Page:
Getting close to the animals is the job of the highly experienced trackers and guides and will all depend on their #knowledge, skill and disposition of the wildlife. Your #safety is paramount so they will never put you in a position of danger. If this means keeping your distance – don’t question it. In this regard I was fortunate to come within 10m of most animals I photographed and this meant that at 500mm there was no need to get closer for some great portraits, even without a teleconverter.
There isn’t much room in the Jeep/Landcruiser normally, and the use of tripods is out of the question, however we had the guide and transport to ourselves and I could choose any position I wanted. With a full Jeep, a monopod is possible when stuck between your legs, but I recommend the use of a beanbag placed over the frame of the vehicle. It’s quick and easy to manoeuvre in a crowded shooting position. Just remember to tie it down because if you lose it, there may not be an opportunity to retrieve it.
For much of the day I was able to engage the image stabiliser function and shoot at reasonable ISO and handhold, negating the need for constant fidgeting with the beanbag. Again, I used the lens wide open to give me a crisp depth of field, isolating the animals. The HSM (hypersonic motor) works efficiently and is reasonably quiet, whilst focussing was precise and quick.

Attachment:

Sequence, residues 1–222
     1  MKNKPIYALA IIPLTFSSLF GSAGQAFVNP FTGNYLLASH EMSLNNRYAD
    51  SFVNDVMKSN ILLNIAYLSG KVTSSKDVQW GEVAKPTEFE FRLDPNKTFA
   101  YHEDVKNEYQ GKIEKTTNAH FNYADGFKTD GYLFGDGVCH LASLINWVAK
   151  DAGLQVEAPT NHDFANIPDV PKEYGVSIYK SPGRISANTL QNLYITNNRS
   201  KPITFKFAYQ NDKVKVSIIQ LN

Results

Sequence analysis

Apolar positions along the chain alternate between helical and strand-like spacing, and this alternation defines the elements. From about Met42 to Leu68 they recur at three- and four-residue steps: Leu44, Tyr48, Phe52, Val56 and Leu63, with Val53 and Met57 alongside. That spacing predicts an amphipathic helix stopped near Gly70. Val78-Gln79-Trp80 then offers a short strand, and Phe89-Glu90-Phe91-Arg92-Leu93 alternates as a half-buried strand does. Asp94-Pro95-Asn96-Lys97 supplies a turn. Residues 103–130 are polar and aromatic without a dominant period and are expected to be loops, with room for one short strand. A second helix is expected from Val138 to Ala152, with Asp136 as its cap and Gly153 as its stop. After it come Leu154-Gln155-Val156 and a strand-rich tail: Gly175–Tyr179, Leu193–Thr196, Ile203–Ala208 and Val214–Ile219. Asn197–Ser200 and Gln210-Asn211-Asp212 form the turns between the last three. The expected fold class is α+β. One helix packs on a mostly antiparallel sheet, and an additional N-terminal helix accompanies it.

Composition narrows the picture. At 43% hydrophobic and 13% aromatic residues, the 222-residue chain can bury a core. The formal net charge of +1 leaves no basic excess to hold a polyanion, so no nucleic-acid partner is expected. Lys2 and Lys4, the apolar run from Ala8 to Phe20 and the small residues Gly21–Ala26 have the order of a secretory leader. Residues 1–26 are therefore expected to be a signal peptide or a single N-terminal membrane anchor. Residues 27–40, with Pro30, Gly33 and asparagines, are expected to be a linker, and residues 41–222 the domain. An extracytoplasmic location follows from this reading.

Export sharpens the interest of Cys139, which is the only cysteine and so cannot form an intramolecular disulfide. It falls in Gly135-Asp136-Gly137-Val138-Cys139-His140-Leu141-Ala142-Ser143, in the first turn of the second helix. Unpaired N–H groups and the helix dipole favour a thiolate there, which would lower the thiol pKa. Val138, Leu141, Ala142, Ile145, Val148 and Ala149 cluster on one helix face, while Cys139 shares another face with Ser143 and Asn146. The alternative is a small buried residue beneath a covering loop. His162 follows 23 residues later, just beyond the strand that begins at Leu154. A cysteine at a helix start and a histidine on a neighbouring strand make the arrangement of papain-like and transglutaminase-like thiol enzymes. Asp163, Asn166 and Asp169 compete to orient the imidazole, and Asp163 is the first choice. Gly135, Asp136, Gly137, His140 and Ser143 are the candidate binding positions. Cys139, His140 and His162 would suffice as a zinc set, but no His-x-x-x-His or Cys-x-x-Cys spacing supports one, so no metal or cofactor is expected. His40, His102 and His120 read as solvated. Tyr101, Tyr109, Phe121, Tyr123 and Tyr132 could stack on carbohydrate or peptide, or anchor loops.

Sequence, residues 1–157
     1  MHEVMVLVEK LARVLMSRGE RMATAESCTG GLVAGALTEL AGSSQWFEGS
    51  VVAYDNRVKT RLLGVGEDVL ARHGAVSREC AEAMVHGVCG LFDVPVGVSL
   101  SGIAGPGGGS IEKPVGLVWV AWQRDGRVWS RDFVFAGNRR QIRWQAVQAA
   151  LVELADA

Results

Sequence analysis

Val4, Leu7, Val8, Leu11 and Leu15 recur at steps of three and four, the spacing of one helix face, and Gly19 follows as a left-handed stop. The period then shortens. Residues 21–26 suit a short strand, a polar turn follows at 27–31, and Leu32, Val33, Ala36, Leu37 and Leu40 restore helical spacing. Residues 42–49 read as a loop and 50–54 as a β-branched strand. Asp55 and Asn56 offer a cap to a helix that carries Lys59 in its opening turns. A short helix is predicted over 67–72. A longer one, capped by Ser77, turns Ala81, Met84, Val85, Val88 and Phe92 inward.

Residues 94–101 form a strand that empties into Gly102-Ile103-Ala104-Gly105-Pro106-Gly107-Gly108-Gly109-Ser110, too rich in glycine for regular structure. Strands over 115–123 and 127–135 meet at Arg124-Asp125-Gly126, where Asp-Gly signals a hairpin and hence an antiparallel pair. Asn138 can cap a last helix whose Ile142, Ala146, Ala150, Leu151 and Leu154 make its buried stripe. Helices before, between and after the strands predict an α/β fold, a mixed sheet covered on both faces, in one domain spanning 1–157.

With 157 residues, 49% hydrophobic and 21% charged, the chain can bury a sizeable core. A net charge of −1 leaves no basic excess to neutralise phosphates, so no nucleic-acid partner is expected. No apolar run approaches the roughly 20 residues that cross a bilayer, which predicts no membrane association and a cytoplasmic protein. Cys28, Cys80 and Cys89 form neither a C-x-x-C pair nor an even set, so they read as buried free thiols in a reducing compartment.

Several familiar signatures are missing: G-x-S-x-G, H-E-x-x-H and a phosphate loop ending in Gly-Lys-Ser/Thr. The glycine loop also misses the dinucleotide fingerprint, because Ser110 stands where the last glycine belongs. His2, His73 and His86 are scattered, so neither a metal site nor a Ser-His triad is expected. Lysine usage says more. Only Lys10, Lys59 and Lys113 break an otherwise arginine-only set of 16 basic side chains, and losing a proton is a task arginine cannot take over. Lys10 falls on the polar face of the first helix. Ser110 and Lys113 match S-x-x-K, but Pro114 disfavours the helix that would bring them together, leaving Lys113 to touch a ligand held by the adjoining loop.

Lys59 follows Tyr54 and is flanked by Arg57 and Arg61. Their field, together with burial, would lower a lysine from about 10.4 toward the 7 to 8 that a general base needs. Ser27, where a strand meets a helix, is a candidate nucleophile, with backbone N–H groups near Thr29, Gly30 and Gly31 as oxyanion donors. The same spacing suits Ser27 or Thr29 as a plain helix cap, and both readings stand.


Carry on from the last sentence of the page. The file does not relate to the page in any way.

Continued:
This lens has been around for a couple of years now but is still a great seller and it’s not hard to see why. It captures great quality in the images and for anyone not wanting to break the bank; it’s great value for money without sacrificing performance. With this type of holiday becoming more popular and affordable, it makes sense for any enthusiast or professional to take this little beauty with them. I’m already booking my next trip and this is a key part of the arsenal I’ll be taking with me.